The outer and inner walls
were later decorated with beau-
tifully carved friezes and wall
paintings. Splendid mosaic floors
usually bore the names of the
donors, either in Aramaic, Greek
or Hebrew. The classical art of
the mosaic received a strong
impulse when, as reported by
the Talmud, Rabbi Abuna gave
his much contested permission
to represent human figures. Sub-
sequently representations of
deities appeared on the pave-
ments, together with local
heathen symbols of hoary an-
tiquity. They were enriched by
motifs taken from the local
landscape, like vines and flower
runners, grapes and pomegra-
nates, as well as domestic ani-
mals and wild beasts, and by
Biblical motifs and devotional
articles like the lulav, the sho-
far, the ethrog and the seven-
branched candelabra. Adorned
by abstract designs, a carpet-
like effect of great beauty was
attained.
The mosaic floor of the Beth
Alpha synagogue, discovered in
1928, as well as that recently
found in Hammat (Tiberias),
bear the symbols of the Zodiac
wheel together with images of
the seasons. The pavement
found at Kibbutz Nirim, where
presumably the flourishing town
of Maon of Talmud times stood,
shows representations of vari-
ous local animals and beasts of
the field in medallion-wise ar-
rangement. The style and exe-
cution of this floor is similar to
that of a Byzantine church dis-
covered in 1917. It allows the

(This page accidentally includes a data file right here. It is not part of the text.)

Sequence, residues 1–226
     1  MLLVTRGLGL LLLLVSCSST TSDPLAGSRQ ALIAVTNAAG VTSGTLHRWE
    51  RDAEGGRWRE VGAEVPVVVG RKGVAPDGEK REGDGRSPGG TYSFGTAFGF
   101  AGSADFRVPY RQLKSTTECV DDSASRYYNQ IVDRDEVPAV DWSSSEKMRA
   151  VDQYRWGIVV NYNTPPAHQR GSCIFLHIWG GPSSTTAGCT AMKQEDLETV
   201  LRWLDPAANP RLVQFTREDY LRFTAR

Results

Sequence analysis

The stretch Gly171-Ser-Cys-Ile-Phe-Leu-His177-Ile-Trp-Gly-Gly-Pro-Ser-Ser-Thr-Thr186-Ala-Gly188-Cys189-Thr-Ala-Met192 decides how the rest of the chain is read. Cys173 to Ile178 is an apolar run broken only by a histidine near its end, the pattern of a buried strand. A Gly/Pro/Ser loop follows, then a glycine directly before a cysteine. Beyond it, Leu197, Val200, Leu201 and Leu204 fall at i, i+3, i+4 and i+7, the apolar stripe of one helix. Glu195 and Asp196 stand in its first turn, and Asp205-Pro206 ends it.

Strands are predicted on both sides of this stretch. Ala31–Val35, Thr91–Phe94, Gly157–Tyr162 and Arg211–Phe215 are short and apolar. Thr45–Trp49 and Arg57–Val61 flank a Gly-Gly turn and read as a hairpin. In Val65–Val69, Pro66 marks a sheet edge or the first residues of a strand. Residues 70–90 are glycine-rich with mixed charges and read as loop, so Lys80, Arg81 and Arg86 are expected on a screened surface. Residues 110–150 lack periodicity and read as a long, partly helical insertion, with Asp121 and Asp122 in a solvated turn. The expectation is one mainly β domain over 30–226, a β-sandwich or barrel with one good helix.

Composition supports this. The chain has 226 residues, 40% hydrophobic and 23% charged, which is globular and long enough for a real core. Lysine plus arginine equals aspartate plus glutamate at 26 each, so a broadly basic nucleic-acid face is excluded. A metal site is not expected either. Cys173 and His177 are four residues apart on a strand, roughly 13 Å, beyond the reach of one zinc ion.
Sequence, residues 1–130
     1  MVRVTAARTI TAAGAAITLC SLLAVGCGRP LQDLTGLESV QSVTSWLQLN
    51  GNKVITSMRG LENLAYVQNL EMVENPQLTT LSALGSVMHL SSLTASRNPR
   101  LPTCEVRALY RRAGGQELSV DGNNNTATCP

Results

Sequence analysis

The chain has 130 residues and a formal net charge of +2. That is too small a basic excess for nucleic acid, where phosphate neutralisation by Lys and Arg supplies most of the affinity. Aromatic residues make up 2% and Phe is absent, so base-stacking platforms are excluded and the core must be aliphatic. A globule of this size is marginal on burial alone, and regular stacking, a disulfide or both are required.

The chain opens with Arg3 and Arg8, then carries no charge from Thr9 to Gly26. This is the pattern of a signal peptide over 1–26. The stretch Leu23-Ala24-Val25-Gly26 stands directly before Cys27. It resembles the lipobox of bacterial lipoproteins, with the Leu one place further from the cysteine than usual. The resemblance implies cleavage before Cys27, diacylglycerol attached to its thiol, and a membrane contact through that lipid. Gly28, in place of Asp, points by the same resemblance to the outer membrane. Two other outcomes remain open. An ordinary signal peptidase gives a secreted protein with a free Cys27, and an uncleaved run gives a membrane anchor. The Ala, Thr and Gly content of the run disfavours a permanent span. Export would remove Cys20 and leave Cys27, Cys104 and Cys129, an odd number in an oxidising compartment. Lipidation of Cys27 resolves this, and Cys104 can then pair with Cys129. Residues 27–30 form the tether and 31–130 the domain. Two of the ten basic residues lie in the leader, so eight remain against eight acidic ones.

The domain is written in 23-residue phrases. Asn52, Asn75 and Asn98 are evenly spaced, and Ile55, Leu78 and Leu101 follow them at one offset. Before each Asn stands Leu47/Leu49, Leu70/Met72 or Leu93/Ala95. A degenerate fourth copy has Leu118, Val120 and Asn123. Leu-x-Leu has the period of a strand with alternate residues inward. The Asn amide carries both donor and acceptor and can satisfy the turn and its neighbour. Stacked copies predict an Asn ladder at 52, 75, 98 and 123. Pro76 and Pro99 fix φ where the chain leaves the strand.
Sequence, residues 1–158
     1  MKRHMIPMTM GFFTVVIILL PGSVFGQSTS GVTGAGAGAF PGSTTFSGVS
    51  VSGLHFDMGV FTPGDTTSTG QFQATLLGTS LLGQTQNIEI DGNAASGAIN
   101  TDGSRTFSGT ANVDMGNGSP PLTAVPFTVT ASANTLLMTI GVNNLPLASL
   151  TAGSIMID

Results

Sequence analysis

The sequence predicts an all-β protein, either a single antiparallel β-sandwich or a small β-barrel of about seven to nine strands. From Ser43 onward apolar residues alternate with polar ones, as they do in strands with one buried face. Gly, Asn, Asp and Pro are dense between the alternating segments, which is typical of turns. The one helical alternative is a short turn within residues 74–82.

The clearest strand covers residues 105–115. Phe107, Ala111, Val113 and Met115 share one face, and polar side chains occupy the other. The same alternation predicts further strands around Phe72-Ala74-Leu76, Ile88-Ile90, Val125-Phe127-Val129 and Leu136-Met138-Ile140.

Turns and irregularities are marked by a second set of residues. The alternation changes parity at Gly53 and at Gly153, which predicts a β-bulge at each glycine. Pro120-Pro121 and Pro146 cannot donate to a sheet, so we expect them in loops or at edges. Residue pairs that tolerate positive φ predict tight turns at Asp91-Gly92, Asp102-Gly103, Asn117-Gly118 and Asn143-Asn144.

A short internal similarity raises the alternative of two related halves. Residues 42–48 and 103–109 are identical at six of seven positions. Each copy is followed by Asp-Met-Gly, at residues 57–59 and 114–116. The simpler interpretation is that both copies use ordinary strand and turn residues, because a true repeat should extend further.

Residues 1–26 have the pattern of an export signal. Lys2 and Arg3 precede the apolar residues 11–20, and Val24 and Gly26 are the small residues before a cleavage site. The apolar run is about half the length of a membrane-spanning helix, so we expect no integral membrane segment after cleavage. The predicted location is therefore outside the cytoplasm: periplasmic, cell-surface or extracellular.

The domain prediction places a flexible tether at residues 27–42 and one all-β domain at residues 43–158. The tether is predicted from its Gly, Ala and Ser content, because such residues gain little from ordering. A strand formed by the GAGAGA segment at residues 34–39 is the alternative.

conjecture that both pavements
are the work of the same artist.
More finds which are expected
to be made at the site of Khora-
zim where excavations have re-
cently started. According to
literary sources, the synagogue
there was of a splendid con-
struction and was the gathering
place of a wealthy Jewish com-
munity. It is situated only a few
kilometres away from the beau-
tiful fourth century site of Kfar
Nahum.

Arthritis is our worst crippler.
The nation's arthritics spend a
quarter of a billion dollars an-
nually on quack remedies.

Interfaith Effort
Nets Sifre Torah Ark
for G. I. Post in France

CHINON, France—Two faiths
and two nationalities united to
provide the Jewish members of
the American military commu-
nity here with an ark to house
its Sifre Torah, it was reported
by Chaplain (1st Lt.) Myron E.
Geller, who is stationed at
Poitiers and serves U.S. troops
in southwestern France.
Chaplain Geller mentioned
the need for an ark to Chinon's
Protestant Chaplain (Capt.)
Williard P. Moore, Chaplain
Moore, well-known as a go-
getter around the Military
Depot at Chinon, secured the
approval of the post comman-
der, Col. Joseph I. Gurfein, and
the project was on.
The French draftsman em-
ployed by the post engineers,
M. Olivary, designed a hand-
some blonde wood ark. Marc
Moreau, a local civilian who
works for the post Care and
Preservation Branch, turned out
the finished product in a
month, working in his spare
time.

Morocco Bans Anne Frank Film

(Direct JTA Teletype Wire to The Jewish News)

CASABLANCA—A film on the fate of Anne Frank,
which has been showing at some theaters in Morocco, was
banned Wednesday and the Jewish functionary who ap-
proved it for showing has been suspended. The name of the
functionary was not disclosed. At the same time, the
American-made films "Ben Hur" and "The Ten Command-
ments" also were prohibited in Morocco.

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17 - THE DETROIT JEWISH NEWS -- Friday, Decemb er 7, 1962

Ancient Israeli Synagogues